Nonprofits providing health care to underserved populations are losing significant revenue from a decline in patient visits, new expenditures and a lack of financial support as they resume the majority of their operations remotely.
Many already operated on thin margins and struggled to break even before the pandemic. Some have been forced to lay off workers. Others, like many nonprofits citywide, are struggling to fundraise or allocate grant money.
San Francisco has dozens of these community health centers serving thousands of patients. They include seniors, immigrants, people of color and undocumented residents. Many serve individuals who are on a lower income, on MediCal or uninsured, or offer a sliding scale of payment, with some patients paying as little as a few dollars.
“We don’t turn anyone away,” said Scott Plymale, executive director of the Community Health Resource Center.
Community health centers have turned to telehealth patient visits during the crisis, remote calls that often include video guidance from medical professionals, but they have their limitations.
Many older patients have some degree of trouble maneuvering new applications. Some might lack the software or internet access needed. And some medical services, particularly those offered by specialists, can’t be provided remotely.
North East Medical Services, which serves a primarily low-income population and has 12 clinics citywide and more across the Bay Area, anticipates losing $8 million over the next three months, said Jessica Ho, NEMS’ government affairs and community liaison.
The nonprofit had to lay off 37 staff members and furlough 210 staff members, about 30 percent of the workforce. NEMS originally saw patient visits plummet to 20 percent the norm. Telehealth calls have brought them back up to 70 percent to 80 percent, but the government doesn’t reimburse them in full.
The nonprofit has closed six of its centers temporarily and offers many services remotely, but it’s still offering in-person treatment for patients who urgently need care.
HealthRIGHT 360, with 10 sites in San Francisco that regularly serve about 9,000 San Franciscans a year, has been largely excluded from the federal stimuli, said Lauren Kahn, vice president of communications and government affairs.
The nonprofit has about 1,300 employees — too many for the Paycheck Protection Program, which requires 500 or less. It also fails to qualify due to other metrics relating to its financial outlook, like owning the centers it operates at, Kahn said.
The Federal Reserve’s Main Street Lending Program, which aims to support lending for small- and medium-sized businesses, also excludes nonprofits.
Like other nonprofits, HealthRIGHT 360 is also losing money with the cancellation of fundraising events, Kahn said.
Meanwhile, the need for their services hasn’t ended. The nonprofit serves around 30,000 patients across California. Almost 500 people sleep in its beds every night, nearly all of them from the streets.
“If you’re getting treated for cancer, you still need access to cancer treatment,” Kahn said.
HealthRIGHT 360 is paying for new equipment, services and protocol. It’s allocated more thermometers and trash cans. It’s paying for shuttle drivers to transport some workers due to the elimination of Muni. It’s also teaching people how to properly take gloves on and off and holding weekly e-town halls with staff.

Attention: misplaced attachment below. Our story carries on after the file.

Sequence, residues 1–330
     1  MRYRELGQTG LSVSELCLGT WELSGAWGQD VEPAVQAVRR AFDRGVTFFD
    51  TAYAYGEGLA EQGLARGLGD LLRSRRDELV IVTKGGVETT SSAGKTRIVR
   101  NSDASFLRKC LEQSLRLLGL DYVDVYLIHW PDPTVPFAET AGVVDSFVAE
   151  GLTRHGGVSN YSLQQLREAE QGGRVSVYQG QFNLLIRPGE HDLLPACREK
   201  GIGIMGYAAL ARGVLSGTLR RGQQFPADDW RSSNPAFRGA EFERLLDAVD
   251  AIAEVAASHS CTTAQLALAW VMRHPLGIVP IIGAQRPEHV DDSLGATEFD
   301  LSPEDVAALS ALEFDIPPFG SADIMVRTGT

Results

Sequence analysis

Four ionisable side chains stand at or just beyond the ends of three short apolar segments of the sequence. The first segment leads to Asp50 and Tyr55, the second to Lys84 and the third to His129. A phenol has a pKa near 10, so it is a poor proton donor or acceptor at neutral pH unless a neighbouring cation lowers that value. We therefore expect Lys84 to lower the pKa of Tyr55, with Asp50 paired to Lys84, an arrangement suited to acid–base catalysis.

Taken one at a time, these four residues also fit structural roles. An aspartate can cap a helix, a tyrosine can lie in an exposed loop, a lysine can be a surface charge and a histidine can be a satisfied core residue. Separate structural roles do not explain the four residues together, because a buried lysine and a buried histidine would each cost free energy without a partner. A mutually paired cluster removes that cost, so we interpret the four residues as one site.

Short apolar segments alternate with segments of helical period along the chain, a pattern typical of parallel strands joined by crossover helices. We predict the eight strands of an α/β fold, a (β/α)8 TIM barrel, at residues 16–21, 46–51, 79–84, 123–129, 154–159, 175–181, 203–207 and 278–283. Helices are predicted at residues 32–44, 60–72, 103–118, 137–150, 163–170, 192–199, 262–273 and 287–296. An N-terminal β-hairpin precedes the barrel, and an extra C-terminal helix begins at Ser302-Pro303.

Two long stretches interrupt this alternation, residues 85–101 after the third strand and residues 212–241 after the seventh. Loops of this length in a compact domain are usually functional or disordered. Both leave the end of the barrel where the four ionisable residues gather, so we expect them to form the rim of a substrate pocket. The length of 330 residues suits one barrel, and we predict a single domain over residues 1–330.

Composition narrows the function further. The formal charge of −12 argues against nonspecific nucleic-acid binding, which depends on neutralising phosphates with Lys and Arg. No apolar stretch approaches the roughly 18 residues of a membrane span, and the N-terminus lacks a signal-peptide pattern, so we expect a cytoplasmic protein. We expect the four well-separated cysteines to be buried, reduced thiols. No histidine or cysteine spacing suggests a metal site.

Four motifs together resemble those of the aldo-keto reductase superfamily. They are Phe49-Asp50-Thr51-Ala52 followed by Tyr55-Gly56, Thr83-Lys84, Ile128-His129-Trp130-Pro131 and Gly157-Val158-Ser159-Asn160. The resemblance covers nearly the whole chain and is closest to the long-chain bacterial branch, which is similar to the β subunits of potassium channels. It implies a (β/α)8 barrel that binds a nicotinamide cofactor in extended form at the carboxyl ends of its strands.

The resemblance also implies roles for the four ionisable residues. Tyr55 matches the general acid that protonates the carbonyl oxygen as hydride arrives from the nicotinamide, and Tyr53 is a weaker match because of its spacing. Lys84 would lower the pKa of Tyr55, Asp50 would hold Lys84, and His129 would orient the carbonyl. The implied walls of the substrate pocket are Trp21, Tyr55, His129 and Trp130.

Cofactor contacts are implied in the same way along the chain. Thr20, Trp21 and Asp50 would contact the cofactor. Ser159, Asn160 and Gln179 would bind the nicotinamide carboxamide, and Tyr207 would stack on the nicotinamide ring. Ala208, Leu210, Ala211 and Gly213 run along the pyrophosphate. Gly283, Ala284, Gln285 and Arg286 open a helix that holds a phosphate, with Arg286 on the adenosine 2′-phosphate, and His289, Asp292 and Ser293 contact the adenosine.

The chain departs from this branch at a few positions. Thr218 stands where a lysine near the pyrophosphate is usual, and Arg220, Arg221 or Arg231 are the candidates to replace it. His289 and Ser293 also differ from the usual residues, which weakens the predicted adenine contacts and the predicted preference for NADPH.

Much of this is happening without any certainty that it will be reimbursed by the government.
Clinic by the Bay, a largely volunteer-operated center, serves a population of 1,000 — mostly immigrants, many undocumented, said David Wallace, the clinic’s executive director.
However, the clinic has lost about 20 percent of its patients during the crisis. They’ve also spent about $5,000 in the last month on new telemedical equipment and applications — a sizable fraction of the discretionary $70,000 within its $1.5 million budget, Wallace said.
The nonprofit has around 100 volunteers, and because many are older and vulnerable to the novel coronavirus, it has switched almost completely over to telemedicine visits, Wallace said. It also furloughed one of eight staff members due to the pandemic.
A huge blow was the postponement of its spring celebration fundraiser, typically pull in well over one-third of the center’s annual cash revenue.
Even so, the nonprofit is launching an initiative to address what Wallace says is the greatest need among its patients — food.
Previously, Clinic by the Bay was in the process of launching a food security project. Its original plan would have had a doctor prescribe specific foods to patients who otherwise couldn’t afford it to help them with chronic conditions.
With the heightened need, the nonprofit switched gears to work with a local restaurant and distribute meals to patients twice a week, Wallace said.
The biggest blow to the clinic is that specialists can no longer see patients, Wallace said. He said the loss of physical therapy has been a particularly big blow, given that many of the clinic’s patients work in construction and agriculture.
The Mission Neighborhood Health Center, with three sites in the Mission and Excelsior, serves more than 12,000 patients annually, primarily on MediCal or MediCal-insured, along with some uninsured patients, MNHC CSO Sabrina Patrick-Urrutia said.
They primarily cater to immigrant and lower-income communities who happen to be primarily Latinx in the Mission, she said.
In March, a 30 percent drop in patient visits translated to a loss of around $200,000 — around 25 percent to 30 percent of the month’s usual revenue. Though last month’s budget hasn’t been calculated yet, MNHC expects it took a much bigger blow compared to March.
Editor’s Note: A previous version of this article stated that Clinic by the Bay’s spring celebration fundraiser was canceled. The fundraiser was postponed to June 24th and moved online. Donors can pitch in or RSVP at www.clinicbythebay.org/